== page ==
More than just a route from one weeding location to the next, a well-planned path also invites a late-evening stroll through fragrant blossoms, pulls visitors to that quiet corner of your garden or brings together disparate garden elements. A good path is practical, providing direction and definition and keeping your feet dry, but it also can be compelling, bringing cohesion and style to your outdoor environment.
Groundwork for Great Paths
The need for a path often presents itself long before the planning pro-cess begins. When looking at your flowerbed or border, is it apparent which routes you take to maintain plants? Existing travel patterns might lay out your path for you, so all you need to do is fill it in with the appropriate building material. Or perhaps you’d like to do some trailblazing through a part of your garden where no trail exists. With some of the steps outlined here, you might discover that it’s easier than you think.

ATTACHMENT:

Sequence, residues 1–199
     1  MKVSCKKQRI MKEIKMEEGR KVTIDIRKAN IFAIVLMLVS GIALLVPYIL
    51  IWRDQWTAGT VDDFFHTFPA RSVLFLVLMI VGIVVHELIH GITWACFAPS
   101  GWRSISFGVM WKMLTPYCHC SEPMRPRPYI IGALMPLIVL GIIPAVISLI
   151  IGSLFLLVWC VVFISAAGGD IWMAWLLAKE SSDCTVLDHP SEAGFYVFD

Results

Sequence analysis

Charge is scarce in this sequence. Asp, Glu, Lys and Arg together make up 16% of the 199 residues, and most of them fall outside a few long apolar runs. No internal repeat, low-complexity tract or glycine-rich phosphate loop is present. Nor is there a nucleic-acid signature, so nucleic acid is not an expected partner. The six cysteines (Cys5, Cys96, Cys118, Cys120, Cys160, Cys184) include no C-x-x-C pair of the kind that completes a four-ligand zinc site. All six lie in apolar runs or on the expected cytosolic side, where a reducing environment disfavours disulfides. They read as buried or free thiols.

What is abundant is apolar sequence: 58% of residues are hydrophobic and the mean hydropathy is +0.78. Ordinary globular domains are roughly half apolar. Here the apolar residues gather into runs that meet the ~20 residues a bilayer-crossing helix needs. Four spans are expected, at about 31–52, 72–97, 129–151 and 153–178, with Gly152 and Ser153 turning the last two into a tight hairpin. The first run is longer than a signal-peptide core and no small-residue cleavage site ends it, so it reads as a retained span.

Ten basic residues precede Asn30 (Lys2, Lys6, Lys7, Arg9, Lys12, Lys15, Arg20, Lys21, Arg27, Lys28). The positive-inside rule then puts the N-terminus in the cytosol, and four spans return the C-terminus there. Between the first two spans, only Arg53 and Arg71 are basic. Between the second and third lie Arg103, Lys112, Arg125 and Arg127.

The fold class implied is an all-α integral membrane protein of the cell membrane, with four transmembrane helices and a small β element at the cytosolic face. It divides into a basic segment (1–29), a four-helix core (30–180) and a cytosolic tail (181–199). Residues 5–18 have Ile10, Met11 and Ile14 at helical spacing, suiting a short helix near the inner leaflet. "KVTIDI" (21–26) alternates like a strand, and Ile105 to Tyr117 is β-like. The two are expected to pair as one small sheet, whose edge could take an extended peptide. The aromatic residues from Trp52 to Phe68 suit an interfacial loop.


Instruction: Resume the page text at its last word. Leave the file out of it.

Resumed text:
The path’s purpose and functionality should be your first consideration when deciding its direction and dimensions. If it’s a secondary path to allow for plant maintenance or a walkway meant for strolling, a width of 2 feet will do nicely. Plan on a width of 3 feet if it needs to accommodate a wheelbarrow or lawn mower. If it is to be a main path, you might want it 4 feet wide so two people can comfortably walk side by side.
But also consider your yard: If any plants or structures, such as a fence or foundation, will be crowding the path’s edge, you may need to increase the width. Be sure the path is in scale with the rest of the garden. If you’re lucky enough to have a massive courtyard garden, a 3-foot path might look out of place and undersized. On the other hand, a walkway to a garden bench or small potting shed should be narrow and intimate, not overpowering.